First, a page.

Premise of the study: This study of Zamia in Puerto Rico is the most intensive population genetics investigation of a cycad to date in terms of number of markers, and one of few microsatellite DNA studies of plants from the highly critical Caribbean biodiversity hotspot. Three distinctive Zamia taxa occur on the island: Z. erosa on the north coast, and Z. portoricensis and Z. pumila, both in the south. Their relationships are largely unknown. We tested three hypotheses about their genetic diversity, including the possibility of multiple introductions.
Methods: We used 31 microsatellite loci across 10 populations and analyzed the data with AMOVA, Bayesian clustering, and ABC coalescent modeling.
Key results: Puerto Rican zamias exhibit an amalgam of patterns of genetic differentiation that have been reported for cycads. Overall, the taxa are slightly inbred, with high infra-populational variation and little evidence of recent bottlenecks. Zamia erosa exhibits a more than threefold greater degree of population differentiation than the other two taxa. Admixture is evident only between Z. portoricensis and Z. pumila. Zamia portoricensis is inferred to be the youngest taxon on the island, on the basis of estimates of coalescence time and effective population size. A selective sweep may be underway in a small population of Z. erosa in a saline environment.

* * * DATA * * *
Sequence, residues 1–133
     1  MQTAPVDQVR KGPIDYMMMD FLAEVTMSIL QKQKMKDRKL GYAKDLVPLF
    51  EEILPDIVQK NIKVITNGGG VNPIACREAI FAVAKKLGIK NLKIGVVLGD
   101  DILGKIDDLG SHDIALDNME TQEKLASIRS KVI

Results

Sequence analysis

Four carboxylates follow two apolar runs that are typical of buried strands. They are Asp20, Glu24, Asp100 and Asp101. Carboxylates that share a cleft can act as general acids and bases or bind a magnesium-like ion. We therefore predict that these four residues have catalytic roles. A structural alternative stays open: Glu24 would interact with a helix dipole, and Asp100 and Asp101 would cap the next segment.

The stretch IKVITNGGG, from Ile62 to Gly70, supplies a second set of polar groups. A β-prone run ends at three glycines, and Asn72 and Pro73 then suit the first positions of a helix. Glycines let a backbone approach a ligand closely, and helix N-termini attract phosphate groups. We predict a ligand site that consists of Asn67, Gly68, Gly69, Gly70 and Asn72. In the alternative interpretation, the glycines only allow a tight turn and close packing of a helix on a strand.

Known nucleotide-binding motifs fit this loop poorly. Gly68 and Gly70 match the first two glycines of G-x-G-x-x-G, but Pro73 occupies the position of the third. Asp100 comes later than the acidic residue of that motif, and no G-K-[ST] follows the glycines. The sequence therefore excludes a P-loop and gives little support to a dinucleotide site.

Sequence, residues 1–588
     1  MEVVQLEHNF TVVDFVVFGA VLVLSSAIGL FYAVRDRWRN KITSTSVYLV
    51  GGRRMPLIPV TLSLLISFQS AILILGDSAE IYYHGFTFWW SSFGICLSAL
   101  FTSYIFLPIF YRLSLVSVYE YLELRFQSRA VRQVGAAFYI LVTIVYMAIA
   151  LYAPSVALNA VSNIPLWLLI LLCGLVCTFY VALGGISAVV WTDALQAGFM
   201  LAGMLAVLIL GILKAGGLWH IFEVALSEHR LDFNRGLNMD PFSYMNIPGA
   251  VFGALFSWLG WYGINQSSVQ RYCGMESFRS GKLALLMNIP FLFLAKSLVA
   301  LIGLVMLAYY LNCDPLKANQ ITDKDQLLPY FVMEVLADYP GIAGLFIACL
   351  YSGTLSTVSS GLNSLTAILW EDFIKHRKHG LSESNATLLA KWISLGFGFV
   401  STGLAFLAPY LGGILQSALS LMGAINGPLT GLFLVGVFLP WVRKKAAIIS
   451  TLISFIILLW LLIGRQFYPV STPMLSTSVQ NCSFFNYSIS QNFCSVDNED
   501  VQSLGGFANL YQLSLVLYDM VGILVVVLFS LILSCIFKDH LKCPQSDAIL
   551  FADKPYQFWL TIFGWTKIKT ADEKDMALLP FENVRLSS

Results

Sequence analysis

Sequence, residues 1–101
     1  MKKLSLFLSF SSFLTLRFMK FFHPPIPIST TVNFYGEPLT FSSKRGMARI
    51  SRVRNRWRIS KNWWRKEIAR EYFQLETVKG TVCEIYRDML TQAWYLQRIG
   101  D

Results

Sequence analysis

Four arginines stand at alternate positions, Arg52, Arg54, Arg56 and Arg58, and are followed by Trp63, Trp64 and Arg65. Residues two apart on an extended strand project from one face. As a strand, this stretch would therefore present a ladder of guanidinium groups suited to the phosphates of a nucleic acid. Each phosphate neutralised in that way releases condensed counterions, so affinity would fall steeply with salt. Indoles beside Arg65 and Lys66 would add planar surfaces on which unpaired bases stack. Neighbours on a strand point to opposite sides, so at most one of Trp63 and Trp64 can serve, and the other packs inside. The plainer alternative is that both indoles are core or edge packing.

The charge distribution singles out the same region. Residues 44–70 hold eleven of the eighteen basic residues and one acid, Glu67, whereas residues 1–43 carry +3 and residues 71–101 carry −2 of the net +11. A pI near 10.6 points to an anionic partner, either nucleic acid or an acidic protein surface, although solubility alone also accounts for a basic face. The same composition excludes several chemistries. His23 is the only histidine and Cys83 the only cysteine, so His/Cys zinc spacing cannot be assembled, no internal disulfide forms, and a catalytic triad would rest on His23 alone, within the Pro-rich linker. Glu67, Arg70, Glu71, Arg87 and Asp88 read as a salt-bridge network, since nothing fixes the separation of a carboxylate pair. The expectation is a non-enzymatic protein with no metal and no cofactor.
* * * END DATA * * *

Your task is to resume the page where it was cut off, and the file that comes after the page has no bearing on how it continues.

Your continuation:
Conclusions: Zamia erosa may represent an independent introduction into Puerto Rico; Z. portoricensis and Z. pumila fit a scenario of allopatric speciation. This will be explored further in the context of genetic analysis across the entire Caribbean region.